DOE Patents [OSTI]

    Kao, C. Cheng

    2000-01-01

    Non-template 3' nucleotide addition to a transcript is reduced by transcribing a transcript from a template comprising an ultimate and/or penultimate 5' ribose having a C'2 substituent such as methoxy, which reduces non-template 3' nucleotide addition to the transcript. The methods are shown to be applicable to a wide variety of polymerases, including Taq, T7 RNA polymerase, etc.

  13. Method for making oxygen-reducing catalyst layers

    DOE Patents [OSTI]

    O'Brien, Dennis P.; Schmoeckel, Alison K.; Vernstrom, George D.; Atanasoski, Radoslav; Wood, Thomas E.; O'Neill, David G.

    2010-06-22

    Methods are provided for making oxygen-reducing catalyst layers, which include simultaneous or sequential stops of physical vapor depositing an oxygen-reducing catalytic material onto a substrate, the catalytic material comprising a transition metal that is substantially free of platinum; and thermally treating the catalytic material. At least one of the physical vapor deposition and the thermal treatment is performed in a processing environment comprising a nitrogen-containing gas.

  14. Strategies for optimizing algal biology for enhanced biomass production

    SciTech Connect (OSTI)

    Barry, Amanda N.; Starkenburg, Shawn R.; Sayre, Richard T.

    2015-02-02

    One of the most environmentally sustainable ways to produce high-energy density (oils) feed stocks for the production of liquid transportation fuels is from biomass. Photosynthetic carbon capture combined with biomass combustion (point source) and subsequent carbon capture and sequestration has also been proposed in the intergovernmental panel on climate change report as one of the most effective and economical strategies to remediate atmospheric greenhouse gases. To maximize photosynthetic carbon capture efficiency and energy-return-on-investment, we must develop biomass production systems that achieve the greatest yields with the lowest inputs. Numerous studies have demonstrated that microalgae have among the greatest potentials for biomass production. This is in part due to the fact that all alga cells are photoautotrophic, they have active carbon concentrating mechanisms to increase photosynthetic productivity, and all the biomass is harvestable unlike plants. All photosynthetic organisms, however, convert only a fraction of the solar energy they capture into chemical energy (reduced carbon or biomass). To increase aerial carbon capture rates and biomass productivity, it will be necessary to identify the most robust algal strains and increase their biomass production efficiency often by genetic manipulation. We review recent large-scale efforts to identify the best biomass producing strains and metabolic engineering strategies to improve aerial productivity. In addition, these strategies include optimization of photosynthetic light-harvesting antenna size to increase energy capture and conversion efficiency and the potential development of advanced molecular breeding techniques. To date, these strategies have resulted in up to twofold increases in biomass productivity.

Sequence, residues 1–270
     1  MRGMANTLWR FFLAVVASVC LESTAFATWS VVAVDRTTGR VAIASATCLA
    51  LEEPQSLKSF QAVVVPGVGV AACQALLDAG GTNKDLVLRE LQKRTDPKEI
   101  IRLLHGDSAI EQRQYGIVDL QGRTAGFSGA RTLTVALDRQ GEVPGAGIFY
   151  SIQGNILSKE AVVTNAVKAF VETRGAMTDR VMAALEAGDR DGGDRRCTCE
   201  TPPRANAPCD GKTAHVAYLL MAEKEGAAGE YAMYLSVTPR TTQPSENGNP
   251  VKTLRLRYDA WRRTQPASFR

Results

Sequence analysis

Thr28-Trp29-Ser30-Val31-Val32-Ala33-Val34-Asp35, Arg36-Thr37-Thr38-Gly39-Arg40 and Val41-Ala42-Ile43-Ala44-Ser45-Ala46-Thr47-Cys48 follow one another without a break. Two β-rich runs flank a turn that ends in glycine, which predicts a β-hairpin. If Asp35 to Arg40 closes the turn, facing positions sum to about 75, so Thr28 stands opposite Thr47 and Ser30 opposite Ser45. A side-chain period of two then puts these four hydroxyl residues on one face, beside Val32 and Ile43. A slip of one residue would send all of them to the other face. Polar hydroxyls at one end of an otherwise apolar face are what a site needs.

15. C -parameter distribution at N 3 LL ' including power corrections

    DOE Public Access Gateway for Energy & Science Beta (PAGES Beta)

    Hoang, André H.; Kolodrubetz, Daniel W.; Mateu, Vicent; Stewart, Iain W.

    2015-05-15

    We compute the e⁺e⁻ C-parameter distribution using the soft-collinear effective theory with a resummation to next-to-next-to-next-to-leading-log prime accuracy of the most singular partonic terms. This includes the known fixed-order QCD results up to O(α3s), a numerical determination of the two-loop nonlogarithmic term of the soft function, and all logarithmic terms in the jet and soft functions up to three loops. Our result holds for C in the peak, tail, and far tail regions. Additionally, we treat hadronization effects using a field theoretic nonperturbative soft function, with moments Ωn. To eliminate an O(ΛQCD) renormalon ambiguity in the soft function, we switchmore » from the MS¯ to a short distance “Rgap” scheme to define the leading power correction parameter Ω1. We show how to simultaneously account for running effects in Ω1 due to renormalon subtractions and hadron-mass effects, enabling power correction universality between C-parameter and thrust to be tested in our setup. We discuss in detail the impact of resummation and renormalon subtractions on the convergence. In the relevant fit region for αs(mZ) and Ω1, the perturbative uncertainty in our cross section is ≅ 2.5% at Q=mZ.« less

  16. cDNA encoding a polypeptide including a hevein sequence

    DOE Patents [OSTI]

    Raikhel, N.V.; Broekaert, W.F.; Chua, N.H.; Kush, A.

    1999-05-04